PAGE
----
I recently wrote a review of an early beta version of iMindMap 3 that suggested that the program was still a bit rough around the edges – that some of its features and capabilities didn’t measure up to my expectations.
I’m pleased to tell you that the developer took my concerns seriously, and has addressed many of them in the final version of the program, which is now available.
Here are several of the improvements that they made, in response to my review of the beta version:
More ways to add topics in speed mapping mode: I lamented in my review of the beta version of iMindMap 3 that adding new topics while in speed mapping mode was less than intuitive. In response, the developers have added 3 new ways to add new child topics to your maps:
- INS – to add a new child (and to make it the active branch)
- RETURN – to add a new sibling
- CTRL + SPACE – to edit the label of the existing active branch
Toolbar enhancements: In my last post, I said that I thought that the iMindMap 3 toolbar, with a small number of large toolbar icons, looked somewhat less than professional. The developers addressed this by enabling users to right click the toolbar and select large icons, small ones or small ones without text. I also heard from managing director Chris Griffiths that his development team’s goal in designing the toolbar the way they did was to decrease the number of toolbar buttons (which tend to confuse new users) and ensure that the program didn’t get in the way of users’ creative flow. I guess that makes more sense, now that they have explained it to me.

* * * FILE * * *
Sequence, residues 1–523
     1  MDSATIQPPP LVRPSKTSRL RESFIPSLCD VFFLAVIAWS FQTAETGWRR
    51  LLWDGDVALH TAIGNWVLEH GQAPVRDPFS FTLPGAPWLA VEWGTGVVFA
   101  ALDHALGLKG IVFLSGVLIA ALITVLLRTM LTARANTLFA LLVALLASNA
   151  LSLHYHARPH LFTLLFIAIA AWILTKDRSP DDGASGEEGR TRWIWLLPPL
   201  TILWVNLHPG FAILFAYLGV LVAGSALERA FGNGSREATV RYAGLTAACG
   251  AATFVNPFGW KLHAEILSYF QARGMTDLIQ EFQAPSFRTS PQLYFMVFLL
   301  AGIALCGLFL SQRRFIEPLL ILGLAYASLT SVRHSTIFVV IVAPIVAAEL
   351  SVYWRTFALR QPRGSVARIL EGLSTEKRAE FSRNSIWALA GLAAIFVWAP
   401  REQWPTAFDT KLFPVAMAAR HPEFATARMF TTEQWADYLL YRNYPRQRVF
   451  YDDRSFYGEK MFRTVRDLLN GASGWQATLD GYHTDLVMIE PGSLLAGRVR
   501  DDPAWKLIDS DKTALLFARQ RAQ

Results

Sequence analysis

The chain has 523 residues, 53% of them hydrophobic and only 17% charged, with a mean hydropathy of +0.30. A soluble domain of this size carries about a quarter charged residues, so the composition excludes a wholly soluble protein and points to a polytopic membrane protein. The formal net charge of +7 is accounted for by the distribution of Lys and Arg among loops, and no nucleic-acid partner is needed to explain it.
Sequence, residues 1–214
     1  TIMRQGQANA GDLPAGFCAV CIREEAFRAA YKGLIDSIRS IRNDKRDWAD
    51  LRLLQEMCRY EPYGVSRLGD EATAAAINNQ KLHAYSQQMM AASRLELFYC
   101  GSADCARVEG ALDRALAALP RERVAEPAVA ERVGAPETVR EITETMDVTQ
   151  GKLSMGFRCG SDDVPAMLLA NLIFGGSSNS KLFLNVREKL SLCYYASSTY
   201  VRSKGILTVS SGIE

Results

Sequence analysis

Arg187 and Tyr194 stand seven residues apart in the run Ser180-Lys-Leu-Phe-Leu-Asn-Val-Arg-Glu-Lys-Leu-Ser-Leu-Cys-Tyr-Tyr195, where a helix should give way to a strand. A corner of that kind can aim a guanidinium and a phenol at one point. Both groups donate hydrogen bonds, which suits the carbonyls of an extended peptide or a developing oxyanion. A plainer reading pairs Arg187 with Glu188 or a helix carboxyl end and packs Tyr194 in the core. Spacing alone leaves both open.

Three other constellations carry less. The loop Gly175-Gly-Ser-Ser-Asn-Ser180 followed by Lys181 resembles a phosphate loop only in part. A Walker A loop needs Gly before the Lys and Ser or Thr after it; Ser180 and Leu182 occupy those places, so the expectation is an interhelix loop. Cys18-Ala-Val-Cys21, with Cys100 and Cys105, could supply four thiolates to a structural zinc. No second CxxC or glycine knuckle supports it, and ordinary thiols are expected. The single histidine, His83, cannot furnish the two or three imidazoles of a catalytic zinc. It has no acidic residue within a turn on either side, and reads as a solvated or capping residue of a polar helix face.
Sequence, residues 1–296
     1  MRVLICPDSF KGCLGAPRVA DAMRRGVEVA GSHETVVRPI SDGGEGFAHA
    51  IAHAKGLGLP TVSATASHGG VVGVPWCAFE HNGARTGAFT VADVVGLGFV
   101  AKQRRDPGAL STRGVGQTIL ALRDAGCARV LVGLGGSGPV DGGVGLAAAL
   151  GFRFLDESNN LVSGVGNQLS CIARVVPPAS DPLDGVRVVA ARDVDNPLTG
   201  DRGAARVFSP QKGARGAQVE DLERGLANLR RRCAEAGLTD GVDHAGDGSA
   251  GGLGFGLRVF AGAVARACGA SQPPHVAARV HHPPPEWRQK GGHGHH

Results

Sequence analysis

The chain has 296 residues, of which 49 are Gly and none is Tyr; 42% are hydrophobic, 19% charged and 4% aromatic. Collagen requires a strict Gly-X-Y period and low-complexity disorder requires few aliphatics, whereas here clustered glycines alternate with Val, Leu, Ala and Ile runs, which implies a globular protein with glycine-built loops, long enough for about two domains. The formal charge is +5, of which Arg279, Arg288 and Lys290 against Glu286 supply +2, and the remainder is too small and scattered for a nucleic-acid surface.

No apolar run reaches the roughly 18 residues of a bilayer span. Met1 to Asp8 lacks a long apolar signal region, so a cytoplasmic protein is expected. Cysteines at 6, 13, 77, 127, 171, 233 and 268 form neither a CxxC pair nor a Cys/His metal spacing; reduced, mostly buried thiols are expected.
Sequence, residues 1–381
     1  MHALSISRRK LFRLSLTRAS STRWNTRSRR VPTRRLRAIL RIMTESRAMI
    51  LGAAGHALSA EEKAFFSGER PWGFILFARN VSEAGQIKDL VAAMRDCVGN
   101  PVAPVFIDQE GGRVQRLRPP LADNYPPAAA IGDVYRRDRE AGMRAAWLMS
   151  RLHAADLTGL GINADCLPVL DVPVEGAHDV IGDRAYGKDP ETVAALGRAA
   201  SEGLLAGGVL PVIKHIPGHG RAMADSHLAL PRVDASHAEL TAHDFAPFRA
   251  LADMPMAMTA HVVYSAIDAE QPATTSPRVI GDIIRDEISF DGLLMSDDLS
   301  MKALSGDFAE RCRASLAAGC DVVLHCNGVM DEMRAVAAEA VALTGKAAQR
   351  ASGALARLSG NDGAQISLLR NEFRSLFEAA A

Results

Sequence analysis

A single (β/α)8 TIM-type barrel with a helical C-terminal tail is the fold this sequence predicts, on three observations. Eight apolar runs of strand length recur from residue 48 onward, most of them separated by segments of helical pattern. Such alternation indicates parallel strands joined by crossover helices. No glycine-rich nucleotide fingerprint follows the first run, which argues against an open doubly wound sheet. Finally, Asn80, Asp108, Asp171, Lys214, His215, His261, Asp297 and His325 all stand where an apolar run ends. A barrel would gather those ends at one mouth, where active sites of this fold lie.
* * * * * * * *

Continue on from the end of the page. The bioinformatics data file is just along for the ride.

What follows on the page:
Adding links and notes to maps: In my first review, I indicated that I couldn’t figure out at first how to add links and notes to my maps. Chris indicated that the program usually ships with help files and instructional videos (which my beta version didn’t have) which should help new users understand how to do this.
I should have iMindMap verson 3.0.2 in my hands shortly, and will let you know if I have any other observations. I will say that I’m blown away by the responsiveness of Chris and his team. They took my feedback to heart, and did something about it. That’s more than you could ever hope to expect from most software developers. Thanks, Chris!
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